Primary-age children do not have a strong Welsh cultural identity - a finding that does not bode well for the future of the language, according to researchers.
A team from Cardiff university looked at the "Welshness" of eight to 11-year-olds at six primary schools from the four corners of Wales for a new book out today.
Co-author Dr Jonathan Scourfield, of the university's school of social sciences, said the research showed any attachment by youngsters to the language of heaven was mostly for selfish reasons, not a sense of belonging to Wales.
"Children thought learning Welsh would help them get a good job or aid them in learning another language," he said.
The latest research will come as a blow to policy-makers who believe Y Cwricwlwm Cymreig, the Welsh dimension to the national curriculum, is creating a revival in Welsh heritage.
Dr Scourfield said: "There was no evidence of Y Cwricwlwm Cymreig in the schools I looked at.
"Maybe policy-makers should listen to younger children who are not passionate about their roots. Children today tend to see their country in terms of sporting teams, not the land it represents."
He said it was encouraging that children were looking towards an "inclusive Wales" and did not see Welsh identity as being tied to speaking the language.
Inspection body Estyn has criticised schools for having a "general lack of understanding" over the aims of Y Cwricwlwm Cymreig (TES Cymru, June 24 2005).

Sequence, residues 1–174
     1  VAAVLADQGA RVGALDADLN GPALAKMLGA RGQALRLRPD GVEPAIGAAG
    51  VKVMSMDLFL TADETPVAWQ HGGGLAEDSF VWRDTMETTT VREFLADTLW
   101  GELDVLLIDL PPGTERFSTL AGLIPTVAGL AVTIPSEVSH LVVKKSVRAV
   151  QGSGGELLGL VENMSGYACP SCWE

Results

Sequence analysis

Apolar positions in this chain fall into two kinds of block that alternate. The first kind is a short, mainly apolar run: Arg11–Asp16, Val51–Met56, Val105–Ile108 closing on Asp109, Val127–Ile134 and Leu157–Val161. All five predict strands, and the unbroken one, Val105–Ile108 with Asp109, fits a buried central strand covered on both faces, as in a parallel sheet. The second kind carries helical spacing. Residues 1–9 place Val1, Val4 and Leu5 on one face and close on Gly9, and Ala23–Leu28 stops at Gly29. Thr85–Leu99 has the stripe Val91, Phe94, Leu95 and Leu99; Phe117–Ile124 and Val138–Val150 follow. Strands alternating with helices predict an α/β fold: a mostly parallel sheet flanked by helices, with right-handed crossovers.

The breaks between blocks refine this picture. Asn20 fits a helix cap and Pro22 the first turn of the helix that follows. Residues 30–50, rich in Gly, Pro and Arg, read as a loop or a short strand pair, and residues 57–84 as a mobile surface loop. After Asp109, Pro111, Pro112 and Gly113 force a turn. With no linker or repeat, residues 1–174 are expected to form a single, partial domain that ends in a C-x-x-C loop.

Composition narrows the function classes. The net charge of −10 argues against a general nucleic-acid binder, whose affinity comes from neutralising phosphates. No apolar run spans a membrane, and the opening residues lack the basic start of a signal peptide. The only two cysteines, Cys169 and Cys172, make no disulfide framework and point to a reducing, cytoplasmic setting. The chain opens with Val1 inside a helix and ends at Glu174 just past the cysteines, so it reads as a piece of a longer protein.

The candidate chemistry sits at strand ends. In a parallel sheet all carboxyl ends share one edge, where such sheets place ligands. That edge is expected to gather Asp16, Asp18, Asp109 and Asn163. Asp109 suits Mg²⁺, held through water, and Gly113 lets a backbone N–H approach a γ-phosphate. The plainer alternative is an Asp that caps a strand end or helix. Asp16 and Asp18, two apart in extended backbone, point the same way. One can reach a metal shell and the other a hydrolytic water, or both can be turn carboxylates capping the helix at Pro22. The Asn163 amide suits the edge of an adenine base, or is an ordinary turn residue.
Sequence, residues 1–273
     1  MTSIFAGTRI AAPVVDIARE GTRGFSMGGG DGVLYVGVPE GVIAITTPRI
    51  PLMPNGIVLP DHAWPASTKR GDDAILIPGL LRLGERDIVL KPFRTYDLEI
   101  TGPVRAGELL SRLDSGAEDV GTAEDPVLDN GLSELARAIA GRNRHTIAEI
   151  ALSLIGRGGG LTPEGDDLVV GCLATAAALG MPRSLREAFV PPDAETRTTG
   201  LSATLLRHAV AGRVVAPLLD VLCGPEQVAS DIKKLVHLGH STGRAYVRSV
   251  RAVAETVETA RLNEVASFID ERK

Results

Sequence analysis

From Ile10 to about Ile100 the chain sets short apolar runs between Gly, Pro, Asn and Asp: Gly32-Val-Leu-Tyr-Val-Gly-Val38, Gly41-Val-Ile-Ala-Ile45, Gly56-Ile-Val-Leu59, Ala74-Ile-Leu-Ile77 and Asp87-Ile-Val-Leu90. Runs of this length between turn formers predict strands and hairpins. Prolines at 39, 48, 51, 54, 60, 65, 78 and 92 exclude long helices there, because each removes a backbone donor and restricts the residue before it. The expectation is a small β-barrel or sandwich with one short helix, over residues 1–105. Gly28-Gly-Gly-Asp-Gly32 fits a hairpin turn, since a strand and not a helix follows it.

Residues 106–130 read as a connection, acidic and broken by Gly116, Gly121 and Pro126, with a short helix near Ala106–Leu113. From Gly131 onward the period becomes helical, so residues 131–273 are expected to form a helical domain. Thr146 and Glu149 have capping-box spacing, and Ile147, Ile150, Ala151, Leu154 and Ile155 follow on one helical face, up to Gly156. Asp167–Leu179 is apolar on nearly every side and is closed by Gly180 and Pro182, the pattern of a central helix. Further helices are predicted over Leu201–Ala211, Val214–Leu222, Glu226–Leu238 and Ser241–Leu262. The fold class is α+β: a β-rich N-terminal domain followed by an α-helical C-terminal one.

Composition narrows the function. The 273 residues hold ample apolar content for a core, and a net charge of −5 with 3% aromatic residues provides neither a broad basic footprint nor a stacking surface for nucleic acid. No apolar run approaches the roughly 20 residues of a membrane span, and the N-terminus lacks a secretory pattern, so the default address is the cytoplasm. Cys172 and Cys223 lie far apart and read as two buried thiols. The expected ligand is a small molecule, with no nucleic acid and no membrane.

It recommended teachers from outside Wales should be given lessons in Welsh history as part of their induction. But Dr Scourfield said his researchers found confusion among children over what being Welsh meant.
Some saw the Welsh language as belonging to "old people" and would not speak it outside the classroom. Worryingly, some felt nervous about telling classmates they were born in England. Ethnic-minority pupils often associated being Welsh with being white, and so called themselves "British".
Dr Scourfield suggested the "distinctiveness" of Wales be taught to young children moving to the country without imposing a Welsh identity on them.
And he warned that Wales could end up with more people able to understand the language - but fewer using it in their everyday lives.
Researchers looked at schools in rich and poor, urban and rural areas.
Children in the Welsh heartlands were more likely to equate the Welsh language with old people.
* Figures in the annual report for Iaith Pawb, the Assembly government's Welsh-language strategy, reveal a surge in intensive Welsh pilot projects in English-language primary schools in 2005-6.
Children, Place and Identity: Nation and Locality in Middle Childhood, by Jonathan Scourfield, Bella Dicks, Mark Drakeford and Andrew Davies is published today by Routledge. The research was funded by the social science committee of the University of Wales board of Celtic Studies * email@example.com